Orlando Commissioners moved forward Monday night with a billion-dollar shoreline remodeling project of Lake Orlando in Rosemont, signing more than 5,600 new apartments and up to 350,000 square feet of retail space and commercial.

A hearing into the controversial plan lasted more than four hours, with dozens of public comments from neighbors in the community, northwest of College Park. Commissioners approved it on a 5-2 vote, with Commissioner Robert Stuart, who represents the neighborhood, in opposition with Tony Ortiz.

Stuart, in prepared comments, said he had tried to meet with both the developer and affected residents to find a compromise, but was unable to create “meaningful progress,” he said. . He was still not convinced that the plan was compatible with the region.

“In the end, there was no real compromise on this project,” Stuart said.

Mayor Buddy Dyer backed the plan, praising that it would create a downtown area five miles from downtown Orlando.

“We are short of 50,000 affordable housing units in our community, so we have to make decisions like this,” he said. “It’s terribly difficult to redevelop golf courses and I think this developer has come up with a thoughtful plan… he’s creating a downtown area that I think Rosemont has needed for a long time.

This is the second time that city council has heard an appeal regarding the RoseArts plan. A pre-hearing in April led developer Westside Capital to withdraw the plan amid criticism from some commissioners, including Stuart.

It was quickly resubmitted with adjustments: One building was phased out with 350 fewer apartments, adding about 2.6 acres of open space and promising to keep 150 feet between existing homes and buildings of at least five. floors, as well as a 200-foot gap between houses and eight-story buildings.

In addition, around 10% of the units were for ‘attainable housing’, meaning that rents would be set at an average price of 60% of the region’s median income, but would scale up to the region’s median income. region, presented by land use. lawyer Rebecca Wilson representing the developer.

Wilson said the developer had agreed to cut units at that rate, down from 80% of the region’s median income, as proposed to the planning board last month. The median income in the area is around $ 76,000 for a family of four.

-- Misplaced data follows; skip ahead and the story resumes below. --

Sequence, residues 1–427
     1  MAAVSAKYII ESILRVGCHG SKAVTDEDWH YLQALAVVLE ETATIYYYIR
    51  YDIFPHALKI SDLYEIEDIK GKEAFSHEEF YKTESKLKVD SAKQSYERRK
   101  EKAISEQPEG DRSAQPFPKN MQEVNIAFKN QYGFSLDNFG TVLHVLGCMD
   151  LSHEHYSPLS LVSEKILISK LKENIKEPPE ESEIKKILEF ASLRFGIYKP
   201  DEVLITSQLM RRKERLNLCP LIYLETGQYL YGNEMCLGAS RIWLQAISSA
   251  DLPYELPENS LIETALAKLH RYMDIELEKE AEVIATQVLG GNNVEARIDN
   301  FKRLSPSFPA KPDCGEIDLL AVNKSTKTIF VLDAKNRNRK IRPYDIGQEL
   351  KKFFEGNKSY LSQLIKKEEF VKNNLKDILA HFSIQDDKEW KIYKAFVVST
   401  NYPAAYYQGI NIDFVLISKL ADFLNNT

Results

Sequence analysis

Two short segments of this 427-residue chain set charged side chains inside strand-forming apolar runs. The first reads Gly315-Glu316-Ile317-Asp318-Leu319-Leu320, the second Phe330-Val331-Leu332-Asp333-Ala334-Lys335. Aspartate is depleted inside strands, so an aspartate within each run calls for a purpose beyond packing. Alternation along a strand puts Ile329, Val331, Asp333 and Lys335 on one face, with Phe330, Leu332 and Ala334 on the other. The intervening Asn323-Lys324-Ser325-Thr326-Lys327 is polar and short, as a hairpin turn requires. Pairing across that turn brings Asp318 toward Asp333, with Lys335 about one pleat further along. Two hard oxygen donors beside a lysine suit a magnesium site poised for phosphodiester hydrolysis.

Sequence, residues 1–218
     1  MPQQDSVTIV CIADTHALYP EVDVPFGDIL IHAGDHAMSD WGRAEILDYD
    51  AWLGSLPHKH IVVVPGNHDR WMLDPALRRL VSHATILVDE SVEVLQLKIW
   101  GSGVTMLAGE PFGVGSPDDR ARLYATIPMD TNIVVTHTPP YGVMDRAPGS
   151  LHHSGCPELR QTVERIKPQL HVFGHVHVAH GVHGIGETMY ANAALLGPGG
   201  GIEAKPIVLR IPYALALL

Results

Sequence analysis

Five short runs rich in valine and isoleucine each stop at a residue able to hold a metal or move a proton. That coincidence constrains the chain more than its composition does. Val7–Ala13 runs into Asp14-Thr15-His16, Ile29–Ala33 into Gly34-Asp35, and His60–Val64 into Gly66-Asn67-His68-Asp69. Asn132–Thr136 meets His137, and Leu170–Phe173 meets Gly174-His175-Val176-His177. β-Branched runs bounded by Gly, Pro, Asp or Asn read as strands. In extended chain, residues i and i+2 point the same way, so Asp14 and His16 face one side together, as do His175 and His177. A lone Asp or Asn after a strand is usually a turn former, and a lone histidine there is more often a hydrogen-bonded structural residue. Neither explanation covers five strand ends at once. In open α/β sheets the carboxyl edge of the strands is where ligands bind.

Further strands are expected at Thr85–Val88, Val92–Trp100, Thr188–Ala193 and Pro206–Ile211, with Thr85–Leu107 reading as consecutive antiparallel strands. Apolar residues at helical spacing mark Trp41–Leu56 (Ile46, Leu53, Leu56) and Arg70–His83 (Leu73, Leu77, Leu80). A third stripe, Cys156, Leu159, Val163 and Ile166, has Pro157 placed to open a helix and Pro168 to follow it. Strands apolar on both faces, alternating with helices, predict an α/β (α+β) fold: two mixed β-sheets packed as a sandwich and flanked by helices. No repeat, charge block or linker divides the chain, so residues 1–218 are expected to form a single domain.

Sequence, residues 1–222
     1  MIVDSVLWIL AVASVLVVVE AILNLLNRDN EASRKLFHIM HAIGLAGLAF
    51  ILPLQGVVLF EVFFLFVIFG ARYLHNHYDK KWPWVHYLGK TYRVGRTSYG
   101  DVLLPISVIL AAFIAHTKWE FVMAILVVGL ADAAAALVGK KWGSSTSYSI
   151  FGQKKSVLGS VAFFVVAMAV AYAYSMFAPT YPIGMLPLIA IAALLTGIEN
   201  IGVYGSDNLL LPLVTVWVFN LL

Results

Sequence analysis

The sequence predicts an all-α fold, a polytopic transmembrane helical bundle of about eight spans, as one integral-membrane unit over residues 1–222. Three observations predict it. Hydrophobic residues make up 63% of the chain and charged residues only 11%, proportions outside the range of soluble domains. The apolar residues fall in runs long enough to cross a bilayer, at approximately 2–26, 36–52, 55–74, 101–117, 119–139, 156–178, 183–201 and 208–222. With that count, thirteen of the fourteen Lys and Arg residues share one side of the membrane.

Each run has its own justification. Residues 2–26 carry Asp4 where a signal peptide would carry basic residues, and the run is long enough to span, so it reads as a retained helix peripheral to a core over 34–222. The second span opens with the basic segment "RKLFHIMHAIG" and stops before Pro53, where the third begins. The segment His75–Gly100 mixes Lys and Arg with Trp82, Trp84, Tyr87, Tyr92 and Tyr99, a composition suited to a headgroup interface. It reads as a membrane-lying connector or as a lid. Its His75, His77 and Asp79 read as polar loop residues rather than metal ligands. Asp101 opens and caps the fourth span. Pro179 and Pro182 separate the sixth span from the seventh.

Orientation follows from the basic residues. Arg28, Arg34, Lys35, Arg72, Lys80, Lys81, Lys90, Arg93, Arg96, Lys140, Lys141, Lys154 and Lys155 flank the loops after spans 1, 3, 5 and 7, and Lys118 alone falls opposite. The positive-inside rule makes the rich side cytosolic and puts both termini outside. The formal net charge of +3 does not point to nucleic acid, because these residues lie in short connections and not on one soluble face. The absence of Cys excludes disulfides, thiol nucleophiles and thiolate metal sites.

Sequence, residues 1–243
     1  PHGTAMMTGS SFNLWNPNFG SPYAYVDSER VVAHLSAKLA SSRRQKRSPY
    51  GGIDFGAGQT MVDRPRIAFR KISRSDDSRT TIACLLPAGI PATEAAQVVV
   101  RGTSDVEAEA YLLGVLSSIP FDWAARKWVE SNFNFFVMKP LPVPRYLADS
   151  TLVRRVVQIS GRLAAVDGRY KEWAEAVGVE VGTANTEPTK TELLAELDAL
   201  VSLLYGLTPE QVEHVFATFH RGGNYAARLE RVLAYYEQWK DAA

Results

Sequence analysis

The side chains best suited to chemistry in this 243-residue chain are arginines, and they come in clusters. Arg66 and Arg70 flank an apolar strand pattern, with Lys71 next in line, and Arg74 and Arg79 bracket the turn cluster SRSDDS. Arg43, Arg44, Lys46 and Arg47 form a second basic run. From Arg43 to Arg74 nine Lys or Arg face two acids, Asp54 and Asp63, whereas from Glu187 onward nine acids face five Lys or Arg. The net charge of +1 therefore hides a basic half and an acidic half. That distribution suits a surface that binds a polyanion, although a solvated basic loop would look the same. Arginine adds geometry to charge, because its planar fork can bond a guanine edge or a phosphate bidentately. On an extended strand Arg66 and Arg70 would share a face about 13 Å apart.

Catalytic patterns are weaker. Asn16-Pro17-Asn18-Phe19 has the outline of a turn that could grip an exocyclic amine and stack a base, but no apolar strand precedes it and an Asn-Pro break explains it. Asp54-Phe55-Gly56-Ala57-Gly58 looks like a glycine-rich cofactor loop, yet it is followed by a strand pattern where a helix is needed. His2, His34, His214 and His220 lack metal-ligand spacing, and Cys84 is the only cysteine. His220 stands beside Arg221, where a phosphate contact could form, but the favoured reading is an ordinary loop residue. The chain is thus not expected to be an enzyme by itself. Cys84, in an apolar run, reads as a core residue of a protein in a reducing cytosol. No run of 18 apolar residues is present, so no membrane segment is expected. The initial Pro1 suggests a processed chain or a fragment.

The play won the support of Commissioner Regina Hill, who said she voted in favor of creating new housing for working families.

“These are people who work, these are not people who live in subsidized housing,” she said of the people who rent these units. “Doing a little too much not to receive a subsidy, but not yet enough to own a property.”

Curtis Hunter Jr., who has lived in the neighborhood for 21 years, criticized plans to go for the most expensive attainable threshold.

“The new proposal did not include any affordable housing,” he said, criticizing the RoseArts plan for “destroying” the neighborhood.

Hunter was among 46 people who appealed the municipal planning council vote last month to approve the massive development. Others complained on Monday that the proposal was too dense for the neighborhood, would strain the area with increased traffic and nearly double its population.

Mary Bailey, a resident of Rosemont for 21 years, warned that the development would set a “dangerous precedent” by allowing the developer to remodel a neighborhood on an abandoned golf course, which is home to rare birds and other wildlife.

“The reality of Rosemont has nothing to do with its reputation. It’s a beautiful natural environment that was never meant to be an urban downtown, ”said Bailey, who walks his 175-pound Great Dane around Lake Orlando on a daily basis.

Miami-based Westside Capital’s plan is to build in three phases over about a decade on 128 acres.

But a few supporters of the plan who spoke on Monday said revitalization is needed and a proliferation upgrade that has passed the abandoned golf course. Others said the thousands of new apartments would be a boost in Orlando and boost property values.

“The Rosemont golf course has long been abandoned and has become an eyesore,” said Sophie Berhie, a resident of Rosemont for three years.

Charlie Guns argued that the mixed-use plan was “the highest and best use of abandoned property” and that the density would encourage residents and people outside of Rosemont to spend money there. .

“A community needs high density to fit into today’s environmentally conscious lifestyle,” Guns said.

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